What is the evidence of the value of primary and secondary students having access to a range of quality textbooks in low-resource, low-capacity situations? For example, is there evidence that textbooks can help to improve student and teacher attendance and student learning outcomes? What are the complementary actions that can help to maximise the value of providing textbooks where none or few exist at present?
Evidence for this report is split in to two sections depending on whether it was published before or after 2005. The more recent evidence is less positive than earlier research. Some findings from included studies:
- No average impact of textbooks on student scores, although a positive impact for students at the top of the socioeconomic distribution is found.
- Textbooks increased the scores of students with high pre-test scores but had little effect on other students.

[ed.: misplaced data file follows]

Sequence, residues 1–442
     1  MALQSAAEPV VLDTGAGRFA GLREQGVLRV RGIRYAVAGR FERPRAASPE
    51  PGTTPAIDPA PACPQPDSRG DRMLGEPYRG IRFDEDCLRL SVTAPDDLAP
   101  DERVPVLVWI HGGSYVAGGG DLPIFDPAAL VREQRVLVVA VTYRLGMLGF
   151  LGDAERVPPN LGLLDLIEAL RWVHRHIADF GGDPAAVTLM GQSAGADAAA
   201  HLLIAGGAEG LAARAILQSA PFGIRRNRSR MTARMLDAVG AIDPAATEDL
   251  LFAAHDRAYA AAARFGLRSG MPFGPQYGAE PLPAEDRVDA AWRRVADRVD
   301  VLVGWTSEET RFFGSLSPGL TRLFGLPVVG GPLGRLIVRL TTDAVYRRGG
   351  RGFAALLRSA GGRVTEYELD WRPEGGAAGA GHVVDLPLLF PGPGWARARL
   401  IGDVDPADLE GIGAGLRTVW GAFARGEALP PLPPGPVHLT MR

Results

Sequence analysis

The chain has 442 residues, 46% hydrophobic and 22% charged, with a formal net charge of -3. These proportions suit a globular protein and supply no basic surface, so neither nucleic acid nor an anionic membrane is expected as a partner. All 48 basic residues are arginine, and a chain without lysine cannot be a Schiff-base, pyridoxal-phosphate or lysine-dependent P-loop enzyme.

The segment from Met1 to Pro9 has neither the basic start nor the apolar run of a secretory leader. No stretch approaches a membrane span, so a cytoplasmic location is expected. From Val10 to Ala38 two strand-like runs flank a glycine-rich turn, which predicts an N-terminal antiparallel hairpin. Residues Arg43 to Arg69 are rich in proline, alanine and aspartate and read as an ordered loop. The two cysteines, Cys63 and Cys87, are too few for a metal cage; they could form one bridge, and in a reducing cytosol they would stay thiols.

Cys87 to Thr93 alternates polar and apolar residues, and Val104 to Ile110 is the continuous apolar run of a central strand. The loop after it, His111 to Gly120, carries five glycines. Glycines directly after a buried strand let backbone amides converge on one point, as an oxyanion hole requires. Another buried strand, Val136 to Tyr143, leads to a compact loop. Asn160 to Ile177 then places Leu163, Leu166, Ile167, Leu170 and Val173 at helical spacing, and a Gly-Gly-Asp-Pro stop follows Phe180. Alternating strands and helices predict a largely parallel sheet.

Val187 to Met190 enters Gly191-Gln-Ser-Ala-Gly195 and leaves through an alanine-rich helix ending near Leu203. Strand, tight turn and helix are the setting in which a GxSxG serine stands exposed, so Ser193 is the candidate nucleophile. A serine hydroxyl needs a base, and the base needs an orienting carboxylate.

- Textbook availability and school resources appear to be capable of countering socio-economic disadvantage, particularly in low-income settings.
Glewwe et al. (2011) review the literature from 1990 to 2010. Including all studies they find the evidence strongly suggests that textbooks and similar materials increase student learning. When the review is restricted to higher quality studies only, the evidence that textbooks and similar materials increase student learning is quite weak.
The report also provides some notes on making textbooks effective and a textbook rental scheme for making the most of textbooks where none or few exist. Further evidence in this report suggests there are benefits to textbook sharing.
Bolton, L. Helpdesk Report: Evidence of the value of textbooks. (2013) 10 pp.